Unlike most of the political class in Michigan, Lena Epstein boarded the Trump train early. And now she’s hoping to hitch a ride to the U.S. Senate in 2018.
After supporting social conservative Rick Santorum, who fell short in his 2012 presidential bid, Epstein settled on Donald Trump in early 2016 while most Michigan Republicans were flocking to mainstream choices like Jeb Bush, Ted Cruz or John Kasich.
Epstein, the general manager for her family’s business, Southfield-based Vesco Oil, has said she was drawn to Trump as a fellow businessperson.
She soon became the Michigan campaign’s co-chair, defending him on everything from the loan his real estate mogul father gave him (she quoted Fred Trump saying, “Everything [Donald] touches seems to turn to gold”) to the “Access Hollywood” tape where the younger Trump bragged about being able to “grab ‘em by the pussy” (Epstein quipped that “he would not be my first choice for my child’s temple Sunday school teacher”).
Epstein explained her surrogacy style to the media thusly: “I never apologized for misstatements he made. I would just pivot to why I supported him: to grow the economy, protect our borders and have increased opportunities for families and children.”
In an October 2016 pro-Trump op-ed for the Jewish News, the 35-year-old laid down her marker: “I’m Jewish. I’m a woman. I’m a millennial.”
Those are all qualities that Epstein has played up as she’s declared for U.S. Senate against three-term incumbent U.S. Sen. Debbie Stabenow (D-Lansing). The hardworking former Senate Agriculture Committee chair is the rare Democrat who knows how to reach voters above M-10.
It’s an interesting gamble. Trump’s poll numbers are tumbling both in Michigan and nationally. But the president still has solid support with Republicans, even amidst the unpopularity of Trumpcare and as his administration has become engulfed in scandal over its ties to Russia.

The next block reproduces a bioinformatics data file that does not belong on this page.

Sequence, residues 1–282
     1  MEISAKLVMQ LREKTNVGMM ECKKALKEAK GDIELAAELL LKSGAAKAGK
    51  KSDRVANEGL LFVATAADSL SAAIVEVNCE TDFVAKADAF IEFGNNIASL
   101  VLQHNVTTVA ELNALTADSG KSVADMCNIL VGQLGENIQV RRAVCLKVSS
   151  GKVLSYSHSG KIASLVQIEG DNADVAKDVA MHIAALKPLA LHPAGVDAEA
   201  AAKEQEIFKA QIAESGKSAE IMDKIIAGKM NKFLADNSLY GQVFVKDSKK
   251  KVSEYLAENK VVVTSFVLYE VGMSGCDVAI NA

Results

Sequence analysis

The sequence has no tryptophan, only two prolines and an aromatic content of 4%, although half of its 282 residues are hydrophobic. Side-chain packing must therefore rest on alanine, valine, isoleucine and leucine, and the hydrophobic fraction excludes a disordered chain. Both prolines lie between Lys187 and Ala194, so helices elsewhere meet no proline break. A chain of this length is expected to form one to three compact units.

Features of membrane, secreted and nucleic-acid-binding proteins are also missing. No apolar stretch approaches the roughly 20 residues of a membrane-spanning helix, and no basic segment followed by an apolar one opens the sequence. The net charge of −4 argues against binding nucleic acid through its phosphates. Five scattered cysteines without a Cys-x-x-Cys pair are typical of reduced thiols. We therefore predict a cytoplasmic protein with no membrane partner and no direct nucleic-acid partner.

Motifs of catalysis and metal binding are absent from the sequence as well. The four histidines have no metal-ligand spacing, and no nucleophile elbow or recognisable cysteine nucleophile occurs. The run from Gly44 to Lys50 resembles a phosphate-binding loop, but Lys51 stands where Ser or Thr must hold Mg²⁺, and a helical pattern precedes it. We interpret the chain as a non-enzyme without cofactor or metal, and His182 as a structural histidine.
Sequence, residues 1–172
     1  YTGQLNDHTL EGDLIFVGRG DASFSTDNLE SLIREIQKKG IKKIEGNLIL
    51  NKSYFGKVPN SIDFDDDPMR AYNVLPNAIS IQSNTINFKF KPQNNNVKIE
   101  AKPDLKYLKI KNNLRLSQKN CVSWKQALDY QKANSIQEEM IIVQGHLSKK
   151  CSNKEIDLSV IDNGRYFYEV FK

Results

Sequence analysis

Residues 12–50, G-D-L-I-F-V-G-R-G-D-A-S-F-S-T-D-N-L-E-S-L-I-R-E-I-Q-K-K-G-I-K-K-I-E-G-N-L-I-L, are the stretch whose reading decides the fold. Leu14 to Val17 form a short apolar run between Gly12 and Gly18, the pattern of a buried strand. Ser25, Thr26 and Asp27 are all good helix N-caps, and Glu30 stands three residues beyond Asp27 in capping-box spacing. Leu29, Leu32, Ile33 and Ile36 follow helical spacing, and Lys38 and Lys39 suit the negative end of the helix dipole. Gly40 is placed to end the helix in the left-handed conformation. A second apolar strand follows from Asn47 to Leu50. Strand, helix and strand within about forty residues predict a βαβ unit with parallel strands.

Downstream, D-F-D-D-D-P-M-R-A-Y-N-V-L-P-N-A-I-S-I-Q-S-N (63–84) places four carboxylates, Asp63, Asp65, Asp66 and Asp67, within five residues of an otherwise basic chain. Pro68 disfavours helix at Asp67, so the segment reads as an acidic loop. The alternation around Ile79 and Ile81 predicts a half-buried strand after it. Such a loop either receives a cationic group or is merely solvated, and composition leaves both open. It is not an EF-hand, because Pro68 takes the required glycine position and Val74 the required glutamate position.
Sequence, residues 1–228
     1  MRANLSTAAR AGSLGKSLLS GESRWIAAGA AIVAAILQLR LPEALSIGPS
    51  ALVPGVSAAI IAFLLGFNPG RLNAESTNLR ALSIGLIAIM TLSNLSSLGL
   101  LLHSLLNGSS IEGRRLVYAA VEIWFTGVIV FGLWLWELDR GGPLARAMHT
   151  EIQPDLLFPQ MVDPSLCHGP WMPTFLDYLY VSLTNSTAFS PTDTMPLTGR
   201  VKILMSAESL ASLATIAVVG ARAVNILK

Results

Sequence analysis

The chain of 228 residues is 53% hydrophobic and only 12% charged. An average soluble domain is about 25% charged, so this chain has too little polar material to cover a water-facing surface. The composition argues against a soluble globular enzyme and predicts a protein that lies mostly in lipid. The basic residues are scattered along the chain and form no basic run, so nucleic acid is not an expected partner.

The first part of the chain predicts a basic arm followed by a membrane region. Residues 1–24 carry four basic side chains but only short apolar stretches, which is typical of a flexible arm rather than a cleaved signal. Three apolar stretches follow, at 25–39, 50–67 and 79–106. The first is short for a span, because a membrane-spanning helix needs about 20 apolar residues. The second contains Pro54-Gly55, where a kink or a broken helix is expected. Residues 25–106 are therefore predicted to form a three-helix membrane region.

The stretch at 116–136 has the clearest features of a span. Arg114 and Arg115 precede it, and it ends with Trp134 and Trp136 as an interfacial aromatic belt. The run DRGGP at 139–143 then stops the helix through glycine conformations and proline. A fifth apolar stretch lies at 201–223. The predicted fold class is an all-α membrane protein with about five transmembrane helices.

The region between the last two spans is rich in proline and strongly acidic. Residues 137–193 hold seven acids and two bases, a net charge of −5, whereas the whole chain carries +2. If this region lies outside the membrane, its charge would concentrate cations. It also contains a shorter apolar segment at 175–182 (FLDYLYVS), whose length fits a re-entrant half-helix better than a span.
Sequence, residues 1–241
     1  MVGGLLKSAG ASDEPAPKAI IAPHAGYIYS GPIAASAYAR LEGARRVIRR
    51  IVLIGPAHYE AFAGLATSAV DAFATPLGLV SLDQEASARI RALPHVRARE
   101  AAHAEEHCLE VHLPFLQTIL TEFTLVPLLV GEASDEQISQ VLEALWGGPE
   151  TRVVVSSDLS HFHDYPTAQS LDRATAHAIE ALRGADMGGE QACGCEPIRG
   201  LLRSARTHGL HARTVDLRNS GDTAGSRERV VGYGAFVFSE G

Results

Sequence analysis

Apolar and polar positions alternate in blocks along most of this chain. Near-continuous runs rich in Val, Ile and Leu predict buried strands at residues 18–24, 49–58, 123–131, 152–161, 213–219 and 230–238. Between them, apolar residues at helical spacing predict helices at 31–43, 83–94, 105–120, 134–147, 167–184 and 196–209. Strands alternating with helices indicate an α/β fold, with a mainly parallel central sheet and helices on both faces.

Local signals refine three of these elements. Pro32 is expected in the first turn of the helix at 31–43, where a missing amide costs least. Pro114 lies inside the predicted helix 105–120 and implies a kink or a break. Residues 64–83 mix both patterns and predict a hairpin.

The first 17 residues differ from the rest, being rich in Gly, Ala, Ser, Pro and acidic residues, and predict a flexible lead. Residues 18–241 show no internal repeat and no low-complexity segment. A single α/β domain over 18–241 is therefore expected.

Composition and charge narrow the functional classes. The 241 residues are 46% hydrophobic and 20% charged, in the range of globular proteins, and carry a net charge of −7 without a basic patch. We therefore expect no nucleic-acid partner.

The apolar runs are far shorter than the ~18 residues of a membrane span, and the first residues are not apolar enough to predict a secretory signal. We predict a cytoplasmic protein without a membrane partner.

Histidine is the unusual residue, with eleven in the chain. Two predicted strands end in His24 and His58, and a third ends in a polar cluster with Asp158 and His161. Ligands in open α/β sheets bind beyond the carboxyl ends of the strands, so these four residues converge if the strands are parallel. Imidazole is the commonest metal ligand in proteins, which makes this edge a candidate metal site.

If this holds, the GOP could face a Catch-22. Perhaps only a Trump loyalist can win the U.S. Senate GOP primary. But that strong pro-Trump stance could cost a Republican nominee in the general election.
Many politicos think Epstein has the GOP nomination in the bag. It’s no secret that Republicans have long believed that the only way to take out Stabenow is with a female candidate. And they’ve also pined for a self-funder, as the incumbent is known for her huge fundraising hauls.
Epstein checks a lot of boxes. She hails from southeast Michigan, the population base of the state, and has a family fortune from which to draw. She has impeccable Trump credentials and a well-known campaign consultant, John Yob, who advised the last two Republicans who ran for U.S. Senate (Pete Hoekstra in 2012 and Terri Lynn Land in ‘14, both of whom lost).
But it’s early. And it’s not a done deal that Epstein will have a clear field. Former state Senate Majority Leader Randy Richardville (R-Monroe) has been on the National Republican Senatorial Committee’s radar. Former Michigan Supreme Court Justice Bob Young is still very interested and would have plenty of GOP support. And U.S. Rep. Fred Upton (R-St. Joseph), who has crossover appeal, hasn’t ruled out a run. In fact, with Democrats making noise about targeting his seat in ‘18, now might be the ideal time for him to take the leap for Senate.
Let’s not forget that many insiders also decided early this year that Gretchen Whitmer had the ‘18 Democratic nomination for governor wrapped up. For a few hours after U.S. Rep. Dan Kildee (D-Flint) announced he wouldn’t run, their thesis seemed correct.
But then University of Michigan Regent Mark Bernstein, who also runs the well-known Bernstein law firm, quickly started putting out feelers. That prompted another prominent attorney, 1998 Democratic gubernatorial nominee Geoffrey Fieger, to get in on the action with a spicy “Off the Record” appearance. Now Whitmer is looking for a new campaign spokesperson and it looks like the race could descend into a free-for-all.
There are still 438 days before the Aug. 7, 2018 primary. A lot can change in any race. The only thing we can definitively say at this point is that next year’s election doesn’t look boring.
Susan J. Demas is Publisher and Editor of Inside Michigan Politics, a nationally acclaimed, biweekly political newsletter. Her political columns can be found at SusanJDemas.com. Follow her on Twitter here.